Transcribed from A Standard History of Kansas and Kansans, written and compiled by William E. Connelley, Secretary of the Kansas State Historical Society, Topeka. [Revised ed.] Chicago: Lewis Publishing Co., 1919, c1918. 5 v. (xlviii, 2530 p., [155] leaves of plates): ill., maps (some fold.), ports.; 27 cm.


Oliver P. Jewett

HON. OLIVER P. JEWETT. The career of Hon. Oliver P. Jewett since his arrival in Lane County in 1891 has been one illustrative of the vicissitudes and varying experiences which have characterized the lives of some of the most prominent men of this section. During the last quarter of a century he has made several fortunes and has known both poverty and affluence, but out of his experiences he has gained a clear and sane outlook upon life and has fitted himself for leadership among the people of his community, whom he is now representing in the Kansas Legislature.

Mr. Jewett was born January 3, 1853, at Whitefield, Maine, and belongs to a numerous American family which was founded by two English brothers who came to this country in 1638 and settled at Rowley, Massachusetts, in the following year. The older brother was Maximilian, and the younger, Joseph Jewett, and it is from these two that all the Jewetts in the United States descend. Joseph Jewett, from whom Oliver P. Jewett descends, was the forefather of posterity which drifted into Maine and later into the western states. Moses Jewett, the grandfather of Oliver P., was a native of Ipswich, Massachusetts, born February 1, 1776, and was a small farmer and lumberman, working in the pineries. He and his wife, who before her marriage was Sarah Peaslee, were the parents of eight children, and among these John was the sixth in order of birth.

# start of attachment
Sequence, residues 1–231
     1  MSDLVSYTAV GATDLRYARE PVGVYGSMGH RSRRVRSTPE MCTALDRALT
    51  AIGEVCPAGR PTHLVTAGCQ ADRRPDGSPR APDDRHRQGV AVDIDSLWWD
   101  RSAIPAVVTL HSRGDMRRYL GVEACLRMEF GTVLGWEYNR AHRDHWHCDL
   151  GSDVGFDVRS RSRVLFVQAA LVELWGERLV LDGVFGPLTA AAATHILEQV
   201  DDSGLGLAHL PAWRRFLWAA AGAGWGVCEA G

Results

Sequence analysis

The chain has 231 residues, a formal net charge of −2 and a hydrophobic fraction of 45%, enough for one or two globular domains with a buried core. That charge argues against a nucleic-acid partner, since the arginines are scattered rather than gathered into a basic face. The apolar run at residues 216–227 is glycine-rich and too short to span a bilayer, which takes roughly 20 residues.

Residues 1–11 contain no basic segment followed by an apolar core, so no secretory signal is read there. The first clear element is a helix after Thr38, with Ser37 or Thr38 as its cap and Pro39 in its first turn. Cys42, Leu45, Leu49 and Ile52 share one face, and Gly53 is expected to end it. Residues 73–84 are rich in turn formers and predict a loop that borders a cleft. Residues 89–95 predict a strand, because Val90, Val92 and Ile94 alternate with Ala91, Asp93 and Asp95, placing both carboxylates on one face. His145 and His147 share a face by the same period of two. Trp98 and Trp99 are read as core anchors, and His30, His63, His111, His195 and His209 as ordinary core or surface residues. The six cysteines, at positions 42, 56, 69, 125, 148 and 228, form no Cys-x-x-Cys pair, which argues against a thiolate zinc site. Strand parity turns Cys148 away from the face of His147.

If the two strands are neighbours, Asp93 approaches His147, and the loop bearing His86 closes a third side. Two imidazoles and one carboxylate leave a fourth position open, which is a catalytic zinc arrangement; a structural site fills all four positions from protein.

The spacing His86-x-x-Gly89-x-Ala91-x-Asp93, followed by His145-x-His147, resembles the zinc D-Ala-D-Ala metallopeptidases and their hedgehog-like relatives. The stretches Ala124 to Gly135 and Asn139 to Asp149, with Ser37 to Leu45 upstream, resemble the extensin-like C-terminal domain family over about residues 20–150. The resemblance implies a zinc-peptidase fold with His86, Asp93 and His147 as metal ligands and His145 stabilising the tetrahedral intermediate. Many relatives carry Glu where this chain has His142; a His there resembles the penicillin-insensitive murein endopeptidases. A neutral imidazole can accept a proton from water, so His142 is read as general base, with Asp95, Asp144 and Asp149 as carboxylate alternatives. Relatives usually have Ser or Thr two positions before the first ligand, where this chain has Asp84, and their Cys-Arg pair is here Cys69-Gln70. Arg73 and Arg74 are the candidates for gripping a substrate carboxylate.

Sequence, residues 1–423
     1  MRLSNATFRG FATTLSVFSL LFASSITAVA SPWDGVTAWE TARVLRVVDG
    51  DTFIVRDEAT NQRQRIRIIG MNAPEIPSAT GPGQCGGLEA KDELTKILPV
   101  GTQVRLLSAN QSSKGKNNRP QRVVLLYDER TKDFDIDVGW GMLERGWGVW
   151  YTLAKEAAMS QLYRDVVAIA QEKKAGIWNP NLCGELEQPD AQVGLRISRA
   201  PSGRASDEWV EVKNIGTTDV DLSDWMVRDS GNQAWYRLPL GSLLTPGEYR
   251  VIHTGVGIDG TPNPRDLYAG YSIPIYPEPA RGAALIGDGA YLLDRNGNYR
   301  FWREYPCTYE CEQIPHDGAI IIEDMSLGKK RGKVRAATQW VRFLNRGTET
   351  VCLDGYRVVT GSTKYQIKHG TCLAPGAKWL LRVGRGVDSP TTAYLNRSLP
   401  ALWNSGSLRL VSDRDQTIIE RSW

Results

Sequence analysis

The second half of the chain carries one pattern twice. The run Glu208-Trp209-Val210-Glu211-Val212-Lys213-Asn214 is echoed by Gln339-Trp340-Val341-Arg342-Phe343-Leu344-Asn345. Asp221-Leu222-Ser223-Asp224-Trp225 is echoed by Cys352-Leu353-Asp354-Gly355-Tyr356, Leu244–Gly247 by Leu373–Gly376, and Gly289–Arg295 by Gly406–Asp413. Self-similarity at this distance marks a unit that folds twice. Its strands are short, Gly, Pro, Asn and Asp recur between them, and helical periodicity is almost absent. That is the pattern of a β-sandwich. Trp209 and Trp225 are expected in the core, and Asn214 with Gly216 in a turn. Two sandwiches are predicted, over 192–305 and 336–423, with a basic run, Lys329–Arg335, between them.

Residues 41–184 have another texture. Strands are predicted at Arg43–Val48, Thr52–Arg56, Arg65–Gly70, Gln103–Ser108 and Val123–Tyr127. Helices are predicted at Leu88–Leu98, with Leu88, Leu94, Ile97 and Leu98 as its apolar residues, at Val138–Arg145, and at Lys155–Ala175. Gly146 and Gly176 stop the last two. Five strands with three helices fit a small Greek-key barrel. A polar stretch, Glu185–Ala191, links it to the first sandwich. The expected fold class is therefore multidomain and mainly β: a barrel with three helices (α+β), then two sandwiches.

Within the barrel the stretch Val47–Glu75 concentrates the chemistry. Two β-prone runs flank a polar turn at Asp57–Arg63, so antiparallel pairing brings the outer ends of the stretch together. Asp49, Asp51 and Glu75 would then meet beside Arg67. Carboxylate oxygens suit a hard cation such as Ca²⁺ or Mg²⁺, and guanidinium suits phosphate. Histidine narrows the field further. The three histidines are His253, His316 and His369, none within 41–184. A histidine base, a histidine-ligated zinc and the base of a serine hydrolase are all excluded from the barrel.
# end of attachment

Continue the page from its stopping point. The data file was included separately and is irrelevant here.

John Jewett was born April 29, 1811, in Whitefield, Maine, a community in which the Jewetts were early settlers, and as a young man went to work in the lumber woods of his native state, where he was employed for many years. He was married there to Nancy Plummer, of Olney, Maine, and having after some years come to a realization of the fact that he would never make a success of life in New England, he set out for the West, his destination being Nevinville, Iowa, a rural community settled largely by people from the New England states. After traveling by boat to Boston, Mr. Jewett went by rail to Buffalo and by canal and lakes to Chicago, and in 1858 arrived in Iowa, where he purchased forty acres of land for $25. He remained very poor for years and when his son Oliver P. came to mature years he had nothing with which to endow him for the opening of his career. Mr. Jewett was a member and captain of the Home Guards at Whitefield, Maine, and his son still retains his sabre. In politics he was a whig and later a republican, and while he never joined a church he lived as religious a life as though he had belonged. He passed away in April, 1886, while Mrs. Jewett survived him until 1908. Their five children were as follows: Sarah, who became Mrs. F. N. Ball and spent her life in Iowa; Adelia, who married H. H. Whipple and died at Hotchkiss, Colorado, in 1902; John Q., who died as a soldier of the Union during the Civil war; Oliver P., of this review; and Clara A., who married A. S. Delaney and died in Lane County, Kansas, in May, 1916.